Britain’s Brexit minister Secretary Stephen Barclay is meeting the EU’s chief Brexit negotiator Michel Barnier on Friday, only a day after the President of the European Commission Jean-Claude Juncker expressed the certainty that a deal is possible by October 31.

Mr Barnier has confirmed that he received on Wednesday evening a written submission from the British prime minister Boris Johnson outlining draft ideas for a fresh Withdrawal Agreement.

Downing Street referred to these documents as “confidential” and “technical,” while they are treated by Brussels as essentially a non-binding “non-paper.” At the same time, Barnier has also been consulting with members of the British opposition to gaze whether and how any deal in Brussels would have the chance of gaining approval by the British Parliament.

Finnish prime minister Antti Rinne has put pressure on his British counterpart to formally outline his plans for the UK’s exit by the end of September, “if they exist.” Rinnie made the statement to the Finnish press after consulting with President Emmanuel Macron of France on Wednesday. The British government has pushed back on the “artificial deadline” of September 30.

For his part, the Irish prime minister Leo Varadkar has made clear that there was still a “big gap” between the UK and the bloc and told the BBC that the Republic cannot become “collateral damage” to Britain’s decision. The Irish foreign minister Simon Coveney has said that proposals seen in Brussels on the Irish border are not “credible.”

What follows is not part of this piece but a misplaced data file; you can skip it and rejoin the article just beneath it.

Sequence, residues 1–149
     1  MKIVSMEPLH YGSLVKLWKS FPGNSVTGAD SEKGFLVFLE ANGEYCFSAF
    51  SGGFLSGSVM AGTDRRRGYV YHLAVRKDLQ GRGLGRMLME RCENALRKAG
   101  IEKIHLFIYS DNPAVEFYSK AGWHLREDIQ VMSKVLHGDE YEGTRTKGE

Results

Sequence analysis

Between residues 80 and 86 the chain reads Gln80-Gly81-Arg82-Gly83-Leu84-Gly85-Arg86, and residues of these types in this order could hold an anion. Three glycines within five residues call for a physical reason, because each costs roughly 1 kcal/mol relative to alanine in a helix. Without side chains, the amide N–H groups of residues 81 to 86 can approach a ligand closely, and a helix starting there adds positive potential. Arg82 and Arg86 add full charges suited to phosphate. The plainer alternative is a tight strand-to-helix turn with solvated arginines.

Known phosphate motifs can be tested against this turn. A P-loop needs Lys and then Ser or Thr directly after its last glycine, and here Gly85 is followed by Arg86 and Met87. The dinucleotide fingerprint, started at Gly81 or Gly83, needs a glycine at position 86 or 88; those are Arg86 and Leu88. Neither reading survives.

A French diplomatic source told Reuters on Thursday that Boris Johnson should not hope to negotiate directly with European leaders at the Council on October 17-18 and time to iron out a deal is “running out.” This is a line held by both French President Emmanuel Macron German Chancellor Angela Merkel.

Address business leaders in Spain on Thursday, Mr Barclay warned the EU against a rigid approach, urging for “creativity and flexibility,” acknowledging that the final details of an alternative to the Irish backstop may not need to be resolved until the end of 2020.

“The alternative to the backstop is not necessary until the end of the implementation period which is December 2020,” Barclay said, urging the EU not to risk the future relationship in November by insisting for a resolution by day 1 of Brexit.

Barclay also hinted that the EU may be less prepared for a no-deal Brexit than otherwise claimed, noting that Ireland’s food and medicine supplies may also be affected by tailbacks at Calais. “Two-thirds of Irish medicines come through Great Britain. 40% of its exports go through Dover,” Barclay said.

Most members of the House of Commons are opposed to a “no-deal Brexit” and have legislated against it. However, on the advice of the government, the Queen has prorogued the parliament while the UK’s Supreme Court is holding a final hearing on whether this suspension is legal. Boris Johnson’s opponents say the real reason he sought the suspension was to prevent parliament, a view echoed last week by a Scottish High Court.